Today’s Question comes from a reader named Walter, and he wants to know about updates in task sequences.
Question: When I deploy Windows 7 from the Media Install files and the task reaches the “State Restore” and begins with the Windows Update pre and post application installation. The deployment process can literally take hours to complete. If I disable the Windows Update pre and post application installation the process then is really completed in less than 10 minutes.
1. Why does it take so long?
2. Does the target machine pulls the updates from MS or does get the updates via the MDT machine?
3. Aside from building a WIM that has all the updates, is there a way to speed up this part of the process?
These are all really good questions.
This is typical, an unpatched image can take hours and hours to patch, depending on the starting point and your internet connection speed. Now, I use SP1 media and inject a hotfix rollup from last summer and there’s still over a hundred updates it still needs to run. I can only imagine if you’re missing SP1 and/or the hotfix rollup its going to take even more time, as these patches vary from anywhere to just a few Kb to over ten megs. Some take just a mere second, and some like dotnet framework updates can take several minutes, and when those updates are done, they need updates. Yes, updating your updates, fun I know.
When the State Restore phase starts the windows update, it’s calling to a script called ZTIWindowsUpdate.wsf. Unless you specify in MDT to look for a WSUS server, you’re going to be pulling from Microsoft’s Windows Update servers.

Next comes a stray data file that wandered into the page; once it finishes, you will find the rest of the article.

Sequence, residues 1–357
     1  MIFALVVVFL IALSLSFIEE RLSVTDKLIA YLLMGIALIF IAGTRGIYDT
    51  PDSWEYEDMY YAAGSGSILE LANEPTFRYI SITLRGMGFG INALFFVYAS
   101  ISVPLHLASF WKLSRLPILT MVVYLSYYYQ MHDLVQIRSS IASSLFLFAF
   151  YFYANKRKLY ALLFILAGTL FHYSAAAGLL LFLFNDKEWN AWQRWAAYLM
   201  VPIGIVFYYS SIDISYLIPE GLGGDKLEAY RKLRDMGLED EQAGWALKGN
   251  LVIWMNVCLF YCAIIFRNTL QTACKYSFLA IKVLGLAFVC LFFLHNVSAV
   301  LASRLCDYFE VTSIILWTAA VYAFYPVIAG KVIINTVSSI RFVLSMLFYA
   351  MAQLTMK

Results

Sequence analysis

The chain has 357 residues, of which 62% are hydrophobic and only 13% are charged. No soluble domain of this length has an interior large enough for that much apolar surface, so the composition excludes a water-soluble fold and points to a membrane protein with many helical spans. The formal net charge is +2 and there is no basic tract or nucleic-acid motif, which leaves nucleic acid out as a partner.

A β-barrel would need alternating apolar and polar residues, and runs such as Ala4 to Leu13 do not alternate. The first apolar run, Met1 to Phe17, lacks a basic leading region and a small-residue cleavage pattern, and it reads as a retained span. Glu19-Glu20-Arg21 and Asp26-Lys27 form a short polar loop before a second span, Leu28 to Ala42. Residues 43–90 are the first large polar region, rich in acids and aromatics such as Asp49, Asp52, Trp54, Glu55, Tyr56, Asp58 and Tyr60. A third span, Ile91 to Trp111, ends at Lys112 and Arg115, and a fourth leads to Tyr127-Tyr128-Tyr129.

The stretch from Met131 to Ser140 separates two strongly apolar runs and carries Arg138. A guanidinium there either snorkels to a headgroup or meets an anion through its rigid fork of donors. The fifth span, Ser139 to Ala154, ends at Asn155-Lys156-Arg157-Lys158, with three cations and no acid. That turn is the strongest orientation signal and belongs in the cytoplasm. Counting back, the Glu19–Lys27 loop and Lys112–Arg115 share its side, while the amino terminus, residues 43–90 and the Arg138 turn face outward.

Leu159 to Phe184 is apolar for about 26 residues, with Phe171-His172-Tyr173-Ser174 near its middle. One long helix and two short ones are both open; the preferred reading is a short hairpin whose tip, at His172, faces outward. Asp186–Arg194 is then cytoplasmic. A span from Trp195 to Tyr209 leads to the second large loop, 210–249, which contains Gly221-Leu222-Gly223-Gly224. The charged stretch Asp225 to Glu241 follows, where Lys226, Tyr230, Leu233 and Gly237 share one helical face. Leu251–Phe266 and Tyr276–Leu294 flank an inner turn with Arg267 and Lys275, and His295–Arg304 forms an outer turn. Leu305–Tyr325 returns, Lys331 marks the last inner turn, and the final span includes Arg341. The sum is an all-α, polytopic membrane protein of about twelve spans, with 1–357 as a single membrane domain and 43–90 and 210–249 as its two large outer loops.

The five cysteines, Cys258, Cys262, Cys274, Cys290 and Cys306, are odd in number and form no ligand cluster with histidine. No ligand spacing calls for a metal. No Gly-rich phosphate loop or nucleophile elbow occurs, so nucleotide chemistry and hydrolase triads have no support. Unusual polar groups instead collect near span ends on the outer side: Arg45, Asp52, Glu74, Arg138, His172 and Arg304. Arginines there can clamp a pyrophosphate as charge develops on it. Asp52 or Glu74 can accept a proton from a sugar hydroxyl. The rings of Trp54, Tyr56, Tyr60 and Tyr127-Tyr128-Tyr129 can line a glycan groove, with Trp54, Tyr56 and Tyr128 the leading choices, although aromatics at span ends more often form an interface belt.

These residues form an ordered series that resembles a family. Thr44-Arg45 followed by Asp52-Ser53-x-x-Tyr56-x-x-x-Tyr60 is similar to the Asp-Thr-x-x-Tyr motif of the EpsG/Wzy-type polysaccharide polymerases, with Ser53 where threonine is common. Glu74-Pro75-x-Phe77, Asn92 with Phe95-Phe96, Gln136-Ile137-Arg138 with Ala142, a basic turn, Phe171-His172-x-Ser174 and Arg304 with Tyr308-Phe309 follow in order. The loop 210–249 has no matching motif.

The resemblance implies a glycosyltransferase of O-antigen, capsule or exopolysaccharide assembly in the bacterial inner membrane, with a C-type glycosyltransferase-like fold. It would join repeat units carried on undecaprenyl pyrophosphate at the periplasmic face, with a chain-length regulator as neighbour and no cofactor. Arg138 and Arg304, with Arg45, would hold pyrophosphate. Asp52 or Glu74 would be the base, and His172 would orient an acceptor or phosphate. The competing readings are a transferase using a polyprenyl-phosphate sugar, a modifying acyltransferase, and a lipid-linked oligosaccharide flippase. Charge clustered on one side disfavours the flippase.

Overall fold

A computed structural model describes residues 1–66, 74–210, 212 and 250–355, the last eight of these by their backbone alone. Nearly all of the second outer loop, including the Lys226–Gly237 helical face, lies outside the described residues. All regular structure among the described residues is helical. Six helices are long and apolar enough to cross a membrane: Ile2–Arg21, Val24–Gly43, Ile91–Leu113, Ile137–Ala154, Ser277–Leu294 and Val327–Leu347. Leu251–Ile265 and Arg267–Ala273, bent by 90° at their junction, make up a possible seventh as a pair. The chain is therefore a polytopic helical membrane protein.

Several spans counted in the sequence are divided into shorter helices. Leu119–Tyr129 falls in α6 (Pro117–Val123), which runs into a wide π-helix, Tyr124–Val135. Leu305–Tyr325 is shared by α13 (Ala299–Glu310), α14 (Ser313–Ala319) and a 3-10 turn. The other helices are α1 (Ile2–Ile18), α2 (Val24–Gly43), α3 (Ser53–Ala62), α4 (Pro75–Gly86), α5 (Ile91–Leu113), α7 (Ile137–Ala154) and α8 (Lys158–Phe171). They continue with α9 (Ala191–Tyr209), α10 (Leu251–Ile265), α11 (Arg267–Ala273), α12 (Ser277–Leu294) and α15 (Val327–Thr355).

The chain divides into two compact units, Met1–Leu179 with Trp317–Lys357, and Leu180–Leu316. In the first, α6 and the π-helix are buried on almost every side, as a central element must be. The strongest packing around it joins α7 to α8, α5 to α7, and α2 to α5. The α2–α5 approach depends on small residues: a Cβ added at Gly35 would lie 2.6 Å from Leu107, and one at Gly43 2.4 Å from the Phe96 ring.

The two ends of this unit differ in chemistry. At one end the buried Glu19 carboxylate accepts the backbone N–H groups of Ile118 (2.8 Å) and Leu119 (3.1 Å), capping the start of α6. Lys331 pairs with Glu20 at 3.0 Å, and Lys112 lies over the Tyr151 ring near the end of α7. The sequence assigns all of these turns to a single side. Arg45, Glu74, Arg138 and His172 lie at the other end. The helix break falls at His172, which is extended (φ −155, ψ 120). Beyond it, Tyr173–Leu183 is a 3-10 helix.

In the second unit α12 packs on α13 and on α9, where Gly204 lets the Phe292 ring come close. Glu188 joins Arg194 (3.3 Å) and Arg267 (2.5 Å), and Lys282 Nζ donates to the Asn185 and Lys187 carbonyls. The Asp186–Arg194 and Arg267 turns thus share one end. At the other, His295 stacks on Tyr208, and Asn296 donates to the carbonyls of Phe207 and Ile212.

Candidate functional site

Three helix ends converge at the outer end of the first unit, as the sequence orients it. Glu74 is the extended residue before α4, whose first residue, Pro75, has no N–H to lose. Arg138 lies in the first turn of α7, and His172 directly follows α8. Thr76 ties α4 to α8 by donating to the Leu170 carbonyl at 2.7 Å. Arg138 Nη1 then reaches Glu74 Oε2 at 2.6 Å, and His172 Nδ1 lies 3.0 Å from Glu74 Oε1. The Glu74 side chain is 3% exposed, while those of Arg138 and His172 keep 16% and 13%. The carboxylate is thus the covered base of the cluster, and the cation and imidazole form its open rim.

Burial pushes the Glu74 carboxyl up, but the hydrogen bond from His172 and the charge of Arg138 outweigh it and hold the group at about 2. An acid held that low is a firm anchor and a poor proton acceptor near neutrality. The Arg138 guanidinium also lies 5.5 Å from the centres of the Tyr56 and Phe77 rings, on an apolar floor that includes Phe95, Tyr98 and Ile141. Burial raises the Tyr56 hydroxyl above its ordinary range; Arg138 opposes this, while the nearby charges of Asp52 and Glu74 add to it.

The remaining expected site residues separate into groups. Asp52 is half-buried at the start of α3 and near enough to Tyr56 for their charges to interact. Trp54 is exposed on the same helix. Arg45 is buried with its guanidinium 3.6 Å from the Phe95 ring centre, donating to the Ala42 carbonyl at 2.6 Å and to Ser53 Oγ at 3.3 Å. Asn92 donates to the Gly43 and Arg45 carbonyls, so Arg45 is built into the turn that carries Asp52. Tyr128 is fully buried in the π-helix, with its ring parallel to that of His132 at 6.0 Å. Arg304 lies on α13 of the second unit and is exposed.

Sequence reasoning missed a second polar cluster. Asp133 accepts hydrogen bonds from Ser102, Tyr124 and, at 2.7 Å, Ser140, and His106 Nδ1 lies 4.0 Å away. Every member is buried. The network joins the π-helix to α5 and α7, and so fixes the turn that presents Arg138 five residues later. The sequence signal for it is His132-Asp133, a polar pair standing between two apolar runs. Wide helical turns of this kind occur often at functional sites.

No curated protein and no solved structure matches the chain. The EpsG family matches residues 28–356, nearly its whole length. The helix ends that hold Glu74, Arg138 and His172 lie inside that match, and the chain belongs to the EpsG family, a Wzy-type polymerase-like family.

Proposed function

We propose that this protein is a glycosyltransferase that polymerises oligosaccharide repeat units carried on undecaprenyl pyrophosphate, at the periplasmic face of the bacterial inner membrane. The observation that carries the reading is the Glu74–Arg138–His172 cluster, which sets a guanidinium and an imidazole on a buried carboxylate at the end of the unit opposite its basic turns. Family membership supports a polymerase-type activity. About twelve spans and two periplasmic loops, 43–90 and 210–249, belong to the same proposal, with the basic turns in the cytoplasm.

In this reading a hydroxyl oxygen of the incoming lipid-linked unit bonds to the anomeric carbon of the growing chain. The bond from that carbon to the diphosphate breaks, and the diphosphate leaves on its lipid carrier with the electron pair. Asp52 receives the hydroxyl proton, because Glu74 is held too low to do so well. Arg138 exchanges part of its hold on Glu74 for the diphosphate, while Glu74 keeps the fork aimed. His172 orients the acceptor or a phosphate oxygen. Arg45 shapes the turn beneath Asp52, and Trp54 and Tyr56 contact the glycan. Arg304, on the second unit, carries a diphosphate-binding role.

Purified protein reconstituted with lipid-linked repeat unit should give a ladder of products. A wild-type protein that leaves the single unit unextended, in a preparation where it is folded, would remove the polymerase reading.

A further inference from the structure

As far as speeding this up, yes, you could inject the post Win7 SP1 hotfix rollup from Microsoft or better yet, get a WSUS server setup. If you don’t have a WSUS server handy, there are a few other steps you could do. But for now, start with adding the hotfix rollup, its like 90 updates out of the way.
Info on the HotFix Rollup:
Add a step in the task sequence to install the latest version of IE BEFORE patching starts. This really helps because that way you’re not upgrading to IE 9, patching and then upgrading to 10, patching, and then upgrading to 11, and yes, then doing more patching.
Block updates you don’t need, I don’t think you really need the Bing Toolbar, so block the ones you don’t need in the customsettings.ini file.
I actually use MDT to build my images in a VM. I simply use the standard client task sequence, have it capture, use the LTISuspend.wsf script, and make my customizations then.
Info on Adding IE 11 to your image:
For more questions and answers: See the Ask MDT Guy Page